A deluge of plastic waste washed over the island of Batasan in Tubigon, Bohol in the aftermath of the country's deadliest typhoon in December. The piles of debris are a grim reminder of the country's chronic marine trash problem.

Baltazar Mejares, a 52-year-old father of four, scampered in the dark with his family to reach higher ground as the sea swelled to four metres high on the night of 16 December 2021, when the year’s deadliest typhoon hammered Batasan Island in Tubigon, Bohol in the Philippines where they live.

Tethered together with a length of rope, Mejares and his family survived.

That night, Typhoon Rai forced hundreds of thousands of people to flee their homes, killing more than 400 people, injuring over a thousand in the northern coast of Mindanao and the Visayas island group where Batasan Island is found.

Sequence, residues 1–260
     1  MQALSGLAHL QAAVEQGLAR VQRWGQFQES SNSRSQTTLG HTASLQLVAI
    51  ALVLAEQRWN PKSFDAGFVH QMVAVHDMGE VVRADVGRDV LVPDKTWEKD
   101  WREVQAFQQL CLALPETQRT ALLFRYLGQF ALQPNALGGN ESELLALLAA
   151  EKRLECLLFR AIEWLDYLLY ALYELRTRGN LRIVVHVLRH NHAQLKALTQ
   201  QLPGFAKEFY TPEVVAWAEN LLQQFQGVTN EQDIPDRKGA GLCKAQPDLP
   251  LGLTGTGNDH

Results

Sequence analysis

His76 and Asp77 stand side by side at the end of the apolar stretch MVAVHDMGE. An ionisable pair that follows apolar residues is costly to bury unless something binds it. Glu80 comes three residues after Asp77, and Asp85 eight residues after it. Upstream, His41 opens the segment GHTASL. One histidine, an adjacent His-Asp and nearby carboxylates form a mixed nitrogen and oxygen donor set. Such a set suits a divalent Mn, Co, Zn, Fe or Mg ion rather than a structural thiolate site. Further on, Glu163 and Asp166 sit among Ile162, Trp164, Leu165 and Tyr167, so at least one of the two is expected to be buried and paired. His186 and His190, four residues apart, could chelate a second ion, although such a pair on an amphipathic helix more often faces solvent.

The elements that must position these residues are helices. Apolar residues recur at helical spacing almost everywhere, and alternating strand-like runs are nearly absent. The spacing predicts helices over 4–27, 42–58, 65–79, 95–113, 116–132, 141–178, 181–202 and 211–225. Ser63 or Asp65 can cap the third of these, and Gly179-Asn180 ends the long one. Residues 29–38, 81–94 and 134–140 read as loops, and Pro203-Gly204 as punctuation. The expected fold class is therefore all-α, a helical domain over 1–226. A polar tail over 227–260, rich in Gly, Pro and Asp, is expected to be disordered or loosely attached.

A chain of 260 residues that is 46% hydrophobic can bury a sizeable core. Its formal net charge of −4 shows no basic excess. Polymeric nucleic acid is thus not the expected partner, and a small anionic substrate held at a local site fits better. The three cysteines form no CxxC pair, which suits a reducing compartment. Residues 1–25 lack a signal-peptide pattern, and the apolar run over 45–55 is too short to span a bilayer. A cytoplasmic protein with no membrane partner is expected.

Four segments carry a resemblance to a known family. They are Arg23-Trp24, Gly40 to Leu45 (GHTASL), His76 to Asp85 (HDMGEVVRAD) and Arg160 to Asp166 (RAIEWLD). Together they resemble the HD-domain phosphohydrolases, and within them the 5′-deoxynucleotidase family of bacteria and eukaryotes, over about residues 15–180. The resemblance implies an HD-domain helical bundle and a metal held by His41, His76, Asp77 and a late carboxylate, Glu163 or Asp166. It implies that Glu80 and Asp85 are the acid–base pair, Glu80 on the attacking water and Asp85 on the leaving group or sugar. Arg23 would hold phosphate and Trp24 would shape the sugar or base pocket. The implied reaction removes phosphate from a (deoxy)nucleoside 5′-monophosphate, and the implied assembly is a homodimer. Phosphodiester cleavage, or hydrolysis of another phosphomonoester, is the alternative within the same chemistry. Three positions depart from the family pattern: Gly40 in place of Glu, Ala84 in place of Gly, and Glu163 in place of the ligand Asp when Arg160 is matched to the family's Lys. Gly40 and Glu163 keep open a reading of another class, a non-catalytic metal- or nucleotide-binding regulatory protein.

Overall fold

On the water, Enrico Cosare shielded himself in a mangrove as Typhoon Rai ravaged the islands.

Cosare, a boatman who ferries passengers from the main province of Bohol to the island, considers the mangroves as the safest place for his boat during stormy weather with the trees as natural barriers against the waves and strong winds.

He surmised that the waste may come from more populous areas when he saw a bank passbook from the province of Cebu, caught in the mangroves.

Read the full article about plastic waste after typhoon in Phillipines by Sonieta Deguit Labasan and Hannah Alcoseba Fernandez at Eco-Business.